Alexander is kind of all over the place. She list a lot of problems but very few solutions. She contradicts herself a lot i.e. she states in the beginning of the book that this book is only going to deal with Black men, but then through out the entire book she includes hispanics. The book left me with the feeling there was nothing a single person could do.
This is another book that I wish audible.com would include the meta data for the book. The author does not reference her sources in the text of this version of the book so I have no way to look at the information and studies she is quoting from.
By the end of the book I think a better title for this book would have been "Why is everyone stupid except me?" Alexander claims prosecutors and DAs are criminals, judges are too stupid to understand the laws they are charged to uphold, and public defenders just don't care. Since the author is an attorney and thus an officer of the court isn't she bound to report of file claims of moral or criminal wrong doings in the league system?
In this book the reader learns that everyone is at fault for the current preponderance of black men incarcerated in the United States today.Well except her and civil rights organizations. After she gives a brief list of the things civil rights organizations are doing wrong including being top heavy with attorneys (such as herself) she states that these organizations can't be held responsible for the problems in the judicial system today.
There are however plenty of people who are to blame. From my memory they are; white men, rural whites, poor whites, automakers, steel mills, the U.S. government, Presidents Obama, Clinton, Reagan, Johnson, and Roosevelt, Dick Cheney, universities, people who don't see color, people who see color, every man who has ever been a policeman or firefighter, people who support affirmative action, people who don't support affirmative action, black police chiefs, black police officers, the justice department,blacks who marry outside of their own race(this comment really shocked me coming from someone preaching this love and understanding message), the prison system, and I am sure the are more but you get the point.
Alexander paints society with a very wide brush. If one officer is bad then they all are. And she applies this idea to many of the groups listed above.
I was also left with the feeling when I was finished with the book that Alexander feels that young black men are too weak, poor, or uneducated to do anything for themselves. I feel she gives the part of society that she is saying we as a society need to lift up, very little credit for being strong and independent.
There is a good story here that needs to be told but this book did not do it very well.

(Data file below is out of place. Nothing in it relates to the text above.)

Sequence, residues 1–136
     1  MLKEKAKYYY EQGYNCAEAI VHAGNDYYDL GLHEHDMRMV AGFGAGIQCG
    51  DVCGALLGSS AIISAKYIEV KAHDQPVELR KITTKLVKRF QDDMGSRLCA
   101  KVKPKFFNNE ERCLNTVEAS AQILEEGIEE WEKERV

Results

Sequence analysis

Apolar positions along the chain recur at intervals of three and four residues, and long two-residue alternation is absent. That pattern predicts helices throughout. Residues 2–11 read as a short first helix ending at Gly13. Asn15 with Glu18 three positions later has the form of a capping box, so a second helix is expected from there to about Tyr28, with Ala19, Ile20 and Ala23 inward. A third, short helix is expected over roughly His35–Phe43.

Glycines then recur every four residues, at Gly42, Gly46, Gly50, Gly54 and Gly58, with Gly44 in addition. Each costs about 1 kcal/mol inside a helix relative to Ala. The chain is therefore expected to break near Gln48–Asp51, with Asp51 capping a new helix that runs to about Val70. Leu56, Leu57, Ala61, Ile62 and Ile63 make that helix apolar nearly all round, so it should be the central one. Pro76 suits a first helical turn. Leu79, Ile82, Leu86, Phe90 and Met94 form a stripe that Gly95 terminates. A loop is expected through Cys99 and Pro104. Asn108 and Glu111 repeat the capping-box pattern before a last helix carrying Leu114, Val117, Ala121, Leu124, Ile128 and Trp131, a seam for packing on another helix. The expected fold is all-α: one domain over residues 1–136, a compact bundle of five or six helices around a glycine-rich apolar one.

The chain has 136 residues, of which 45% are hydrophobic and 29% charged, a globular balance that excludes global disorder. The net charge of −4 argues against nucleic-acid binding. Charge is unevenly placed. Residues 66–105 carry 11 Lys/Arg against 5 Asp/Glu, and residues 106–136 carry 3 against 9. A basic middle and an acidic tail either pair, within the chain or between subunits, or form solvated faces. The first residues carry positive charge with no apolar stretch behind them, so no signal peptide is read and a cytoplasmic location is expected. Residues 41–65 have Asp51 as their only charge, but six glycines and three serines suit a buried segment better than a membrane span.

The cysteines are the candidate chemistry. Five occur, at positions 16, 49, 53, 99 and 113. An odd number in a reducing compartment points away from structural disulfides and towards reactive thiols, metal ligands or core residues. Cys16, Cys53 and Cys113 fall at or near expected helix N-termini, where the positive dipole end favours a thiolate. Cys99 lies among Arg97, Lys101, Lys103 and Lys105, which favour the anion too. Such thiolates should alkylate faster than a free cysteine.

This book documents the war on drugs with all of its impact on our society. While the war may benefit the owners of commercial jails, the impact on people of color is tragic. It is hard to imagine that this book cn be ignored, and change is inevitable if .it is widely read by intelligent and honest people.
All that is necessary for evil totriumph is for good people to do nothing. I doubt that anyone, even Republicans, will read this book and not seek change..
eye-opening, chilling, anger-producing
Howard Zinn's A People's History of the United States
It's much more than a tidbit - it's a call to action for me and my fellow U.S.ers to become aware of what we've allowed to happen because of our indifference to what's going on with the imprisonment of young black men while young white men are ignored for the exact same actions.
Everyone should read this book and then alert others to what's going on.
While the disproportionate level of black incarceration reported in this book is shocking enough to rally the objective minded into accepting the idea that racial bias is to blame, with deeper thought we can see how easily disparate causes may be conflated in this issue.
Is it honest to lump the high number of incarcerated black males into the same group as if all of them are victims, even if the legacy of unfair discrimination prejudices us in that direction? How many of the jailed group got there legitimately? The idea that the “get tough on crime” philosophy decried in this work is a conscious effort to herd black men into jail is the sort of comment that depends heavily upon white guilt, a tactic worn threadbare from overuse. Are we expected to follow some kind of quota system so that only a proportionate number of black offenders are taken off the street?
The author insists that the war on drugs is a vehicle of oppression. But having identified it as such, why does she not encourage resistance to this exposed enemy? Why not rally African-Americans to reject illegal drugs and the culture that sustains those drugs, now that the way forward is clear? Instead she uses the malady as an excuse, blaming the usual suspects, as if a group can truly grow strong by compelling another group to lift them out of a pit. Nay! I have seen and known far too many tough and admirable African-Americans to buy this argument.
And as other reviewers have noted, to conveniently leave out the pivotal detail about Ricky Ray Rector’s execution—that he damaged his own brain with a suicide attempt—leaves a hole in her credibility one could drive a truck through.